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   re: A Line in the Declarative Syntax Sand(Was: XML complexity, namespace

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  • From: David Megginson <david@megginson.com>
  • To: "XML Developers' List" <xml-dev@ic.ac.uk>
  • Date: Tue, 23 Mar 1999 07:05:50 -0500 (EST)

Sean Mc Grath writes:

 > This is an interesting thread.  Many non-tag-minimization
 > reliables can be put forth as things that SGML "can do" that
 > XML cannot. Things like data attributes, exclusion exceptions,
 > internal SDATA entities and so on.

I think that I agree with what Sean is saying here and later in the
message -- think of *what* you can represent rather than *how* you
represent it.  For instance, let's take a graphic where we want to
provide the width, height, and colour depth to the processor.  Here's
a typical, declaration-heavy (Sean's term) SGML way to do it (except
that a hard-core SGMLie would use public IDs):

  <!DOCTYPE doc SYSTEM "mydoc.dtd" [
    <!NOTATION png PUBLIC "....">
      width NUMBER #IMPLIED
      height NUMBER #IMPLIED
      depth NUMBER #IMPLIED>
    <!ENTITY pic1 SYSTEM "pic1.png" NDATA png [

     <photo src=pic1>

Here's a typical XML way to do it (also works in SGML):

    <?xml version="1.0"?>

    <!DOCTYPE doc SYSTEM "mydoc.dtd">

     <photo href="pic1.png" width="300" height="200" depth="16"/>

You're modelling exactly the same information about the picture in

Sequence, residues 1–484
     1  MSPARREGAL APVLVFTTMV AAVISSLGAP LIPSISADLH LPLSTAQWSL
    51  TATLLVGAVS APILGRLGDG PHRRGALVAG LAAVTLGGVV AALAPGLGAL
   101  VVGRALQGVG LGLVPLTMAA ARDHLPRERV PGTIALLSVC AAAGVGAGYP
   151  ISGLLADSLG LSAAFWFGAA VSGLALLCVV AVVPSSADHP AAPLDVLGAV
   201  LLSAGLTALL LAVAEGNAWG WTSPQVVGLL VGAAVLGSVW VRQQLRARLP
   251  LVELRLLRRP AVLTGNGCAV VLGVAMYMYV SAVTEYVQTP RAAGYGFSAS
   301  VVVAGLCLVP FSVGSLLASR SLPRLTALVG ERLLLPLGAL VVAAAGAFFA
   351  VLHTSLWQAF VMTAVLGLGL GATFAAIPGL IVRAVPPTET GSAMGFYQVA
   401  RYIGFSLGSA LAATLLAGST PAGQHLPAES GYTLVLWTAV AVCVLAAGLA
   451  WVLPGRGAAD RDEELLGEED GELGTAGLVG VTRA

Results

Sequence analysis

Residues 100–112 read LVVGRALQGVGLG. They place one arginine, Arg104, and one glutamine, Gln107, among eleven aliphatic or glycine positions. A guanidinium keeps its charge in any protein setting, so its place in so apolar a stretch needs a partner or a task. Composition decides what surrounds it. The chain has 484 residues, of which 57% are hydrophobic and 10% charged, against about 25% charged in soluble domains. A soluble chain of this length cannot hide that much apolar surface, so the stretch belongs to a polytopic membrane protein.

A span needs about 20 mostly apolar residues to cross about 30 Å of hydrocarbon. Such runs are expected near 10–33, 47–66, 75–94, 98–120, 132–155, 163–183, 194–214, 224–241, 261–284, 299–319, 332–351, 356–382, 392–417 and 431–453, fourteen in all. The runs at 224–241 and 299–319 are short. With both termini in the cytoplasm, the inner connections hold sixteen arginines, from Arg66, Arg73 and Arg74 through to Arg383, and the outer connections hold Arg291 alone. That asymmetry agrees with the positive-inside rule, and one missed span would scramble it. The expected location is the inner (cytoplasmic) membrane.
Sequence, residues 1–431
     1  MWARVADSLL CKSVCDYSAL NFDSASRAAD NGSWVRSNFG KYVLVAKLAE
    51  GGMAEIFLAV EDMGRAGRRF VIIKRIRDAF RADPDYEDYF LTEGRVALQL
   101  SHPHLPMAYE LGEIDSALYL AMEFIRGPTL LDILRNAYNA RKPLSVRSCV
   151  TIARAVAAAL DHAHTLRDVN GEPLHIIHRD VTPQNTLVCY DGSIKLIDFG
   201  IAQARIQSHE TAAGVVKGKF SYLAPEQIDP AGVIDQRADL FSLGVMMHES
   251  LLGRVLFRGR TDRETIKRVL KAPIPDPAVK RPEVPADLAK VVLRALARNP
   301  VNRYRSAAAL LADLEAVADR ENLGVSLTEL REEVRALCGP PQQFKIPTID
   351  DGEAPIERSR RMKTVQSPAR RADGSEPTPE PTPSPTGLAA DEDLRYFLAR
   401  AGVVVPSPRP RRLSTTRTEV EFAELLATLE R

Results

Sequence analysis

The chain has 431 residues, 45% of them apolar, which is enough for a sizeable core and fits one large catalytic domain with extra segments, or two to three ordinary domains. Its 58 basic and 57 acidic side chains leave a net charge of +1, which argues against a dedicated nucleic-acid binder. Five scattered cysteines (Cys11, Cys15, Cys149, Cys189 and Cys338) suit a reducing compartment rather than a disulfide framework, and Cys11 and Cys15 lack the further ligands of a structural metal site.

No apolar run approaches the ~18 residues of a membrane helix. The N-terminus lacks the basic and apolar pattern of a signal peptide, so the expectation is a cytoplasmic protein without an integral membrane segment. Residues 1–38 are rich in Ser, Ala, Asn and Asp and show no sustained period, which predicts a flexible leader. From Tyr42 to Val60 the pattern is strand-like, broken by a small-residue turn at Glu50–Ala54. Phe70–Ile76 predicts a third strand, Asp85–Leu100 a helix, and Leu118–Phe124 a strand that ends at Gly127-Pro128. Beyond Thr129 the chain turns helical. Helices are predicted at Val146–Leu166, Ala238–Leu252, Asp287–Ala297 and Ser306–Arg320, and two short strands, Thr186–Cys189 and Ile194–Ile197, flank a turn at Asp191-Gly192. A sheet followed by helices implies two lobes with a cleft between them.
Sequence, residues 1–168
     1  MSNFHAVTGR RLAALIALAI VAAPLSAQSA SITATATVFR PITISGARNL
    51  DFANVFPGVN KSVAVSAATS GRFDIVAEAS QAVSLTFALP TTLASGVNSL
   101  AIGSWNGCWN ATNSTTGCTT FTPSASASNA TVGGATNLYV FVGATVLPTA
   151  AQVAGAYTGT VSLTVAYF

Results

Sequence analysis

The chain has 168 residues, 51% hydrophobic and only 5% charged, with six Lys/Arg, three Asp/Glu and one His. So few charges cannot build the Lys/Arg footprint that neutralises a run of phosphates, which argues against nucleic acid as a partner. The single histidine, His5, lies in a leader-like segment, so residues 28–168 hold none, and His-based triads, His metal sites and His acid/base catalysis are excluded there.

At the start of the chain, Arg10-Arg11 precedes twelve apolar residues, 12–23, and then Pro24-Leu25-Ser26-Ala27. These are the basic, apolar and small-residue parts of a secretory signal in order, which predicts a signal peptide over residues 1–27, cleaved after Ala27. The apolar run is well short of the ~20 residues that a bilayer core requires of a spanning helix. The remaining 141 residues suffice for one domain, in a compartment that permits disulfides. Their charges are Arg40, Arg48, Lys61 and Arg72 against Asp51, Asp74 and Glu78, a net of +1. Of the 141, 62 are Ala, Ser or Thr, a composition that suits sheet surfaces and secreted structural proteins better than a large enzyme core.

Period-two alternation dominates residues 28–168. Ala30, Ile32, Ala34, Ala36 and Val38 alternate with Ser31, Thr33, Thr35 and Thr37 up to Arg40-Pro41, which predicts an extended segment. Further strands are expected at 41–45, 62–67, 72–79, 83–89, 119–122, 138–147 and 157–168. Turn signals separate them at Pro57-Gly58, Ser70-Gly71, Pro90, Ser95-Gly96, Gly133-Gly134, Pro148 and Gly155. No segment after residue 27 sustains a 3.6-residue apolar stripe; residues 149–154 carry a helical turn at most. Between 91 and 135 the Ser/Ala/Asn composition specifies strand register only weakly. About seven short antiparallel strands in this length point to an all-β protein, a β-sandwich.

both -- data attributes provide an alternative mechanism for modelling 
the information, but they do not allow you to represent anything that
you could not represent without them.

 > I see SGML and XML at opposite ends of a balanced lever.
 > On one side we have SGML - high on declarative syntax, low
 > on home grown code. On the other side we have XML - low on
 > declarative syntax, high on home grown code.
 > SGML gives you declarative syntax that can obviate the
 > need for coding around certain types of data modelling,
 > content authoring problems.
 > XML is light on the declarative syntax, leaving more
 > in the realm of "application specific" implementation
 > in a programming language.
 > Ultimately, both views have their place and both
 > may be "correct" for a given problem domain.

Right -- the question is not whether there is a benefit to continuing
to develop the two in parallel, but whether the benefit will outweight
the cost.  We'll see what the market decides over the next few years.

All the best,


David Megginson                 david@megginson.com

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